English through the ages

English through the ages
The size of the leaves on the trees is intended to indicate – roughly – how many people speak each language. It shows the relative size of English as well as its Germanic roots. Photograph: Minna Sundberg

The English language is an Indo-European language in the West Germanic language group. Modern English is widely considered to be the lingua franca of the world and is the standard language in a wide variety of fields, including computer coding, international business, and higher education. In this article we are going to take a look at English through the ages.

According to the Encyclopedia Britannica, the English language took off with the invasion of Britain during the 5th century. Three Germanic tribes, the JutesSaxons and Angles were seeking new lands to conquer, and crossed over from the North Sea. It must be noted that the English language we know and study today had yet to be created as the inhabitants of Britain spoke various dialect of the Celtic language.

During the invasion, the native Britons were driven north and west into lands we now refer to as Scotland, Ireland, and Wales. The word England and English originated from the Old English word Engla-land. Literally meaning “the land of the Angles” where they spoke Englisc.

A Brief History of the English language

Old English (5th to 11th Century)

Albert Baugh, a notable English professor at the University of Pennsylvania notes amongst his published works[1] that around 85% of Old English is no longer in use; however, surviving elements form the basis of the Modern English language today.

Old English can be further subdivided into the following:

  • Prehistoric or Primitive[2] (5th to 7th Century) – available literature or documentation referencing this period is not available aside from limited examples of Anglo-Saxon runes;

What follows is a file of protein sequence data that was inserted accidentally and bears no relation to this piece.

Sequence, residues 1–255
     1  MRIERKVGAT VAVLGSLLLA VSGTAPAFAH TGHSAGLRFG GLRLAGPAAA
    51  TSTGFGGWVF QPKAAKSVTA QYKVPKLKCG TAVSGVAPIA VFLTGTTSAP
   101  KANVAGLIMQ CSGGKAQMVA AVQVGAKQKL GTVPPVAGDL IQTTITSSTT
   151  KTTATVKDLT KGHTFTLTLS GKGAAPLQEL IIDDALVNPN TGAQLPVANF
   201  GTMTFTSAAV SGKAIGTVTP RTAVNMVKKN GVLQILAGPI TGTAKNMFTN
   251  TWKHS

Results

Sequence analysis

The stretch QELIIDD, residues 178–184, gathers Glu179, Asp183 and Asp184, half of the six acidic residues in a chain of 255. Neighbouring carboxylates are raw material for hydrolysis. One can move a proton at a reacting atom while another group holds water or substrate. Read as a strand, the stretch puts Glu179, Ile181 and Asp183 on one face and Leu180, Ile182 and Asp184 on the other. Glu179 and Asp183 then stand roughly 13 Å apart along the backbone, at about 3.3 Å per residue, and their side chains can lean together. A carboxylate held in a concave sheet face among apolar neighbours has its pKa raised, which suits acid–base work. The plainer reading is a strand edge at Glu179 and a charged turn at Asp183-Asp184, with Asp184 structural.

• Early Old English (7th to 10th Century) – this period contains some of the earliest documented evidence of the English language, showcasing notable authors and poets like Cynewulf and Aldhelm. Who were leading figures in the world of Anglo-Saxon literature.
  • Late Old English (10th to 11th Century) – the final phase of the Old English language. Which was brought about by the Norman invasion of England. This period ended with the consequential evolution of the English language towards Early Middle English.

Early Middle English

It was during this period that the English grammar, started evolving with particular attention to syntax. Syntax is “the arrangement of words and phrases to create well-formed sentences in a language,”. And we find that while the British government and its wealthy citizens ‘Anglicised’ the language, Norman and French influences remained the dominant language until the 14th century.

An interesting fact to note is that this period has been attributed with the loss of case endings. Which ultimately resulted in inflection markers being replaced by more complex features of the language. Case endings are “a suffix on an inflected noun, pronoun, or adjective that indicates its grammatical function.

Charles Laurence Barber[3] comments, “The loss and weakening of unstressed syllables at the ends of words destroyed many of the distinctive inflections of Old English.”

Similarly, John McWhorter[4] points out that while the Norsemen and their English counterparts were able to comprehend one another in a manner of speaking, the Norsemen’s inability to pronounce the endings of various words ultimately resulted in the loss of inflectional endings.

This brings to mind a lisp and I take to wondering: if this were a few hundred years ago, and we were in medieval Britain, could we have imagined that a speech defect would bring about the amazing changes modern history is now looking back on? Something to ponder.

Late Middle English

It was during the 14th century that a different dialect (known as the East-Midlands) began to develop around the London area.

Geoffrey Chaucer, a writer we have come to identify as the Father of English Literature[5] and author of the widely renowned Canterbury Tales, was often heralded as the greatest poet of that particular time. It was through his various works that the English language was more or less “approved” alongside those of French and Latin, though he continued to write up some of his characters in the northern dialects.

It was during the mid-1400s that the Chancery English standard was brought about. The story goes that the clerks working for the Chancery in London were fluent in both French and Latin. It was their job to prepare official court documents and prior to the 1430s, both the aforementioned languages were mainly used by royalty, the church, and wealthy Britons. After this date, the clerks started using a dialect that sounded as follows:

  • gaf (gave) not yaf (Chaucer’s East Midland dialect)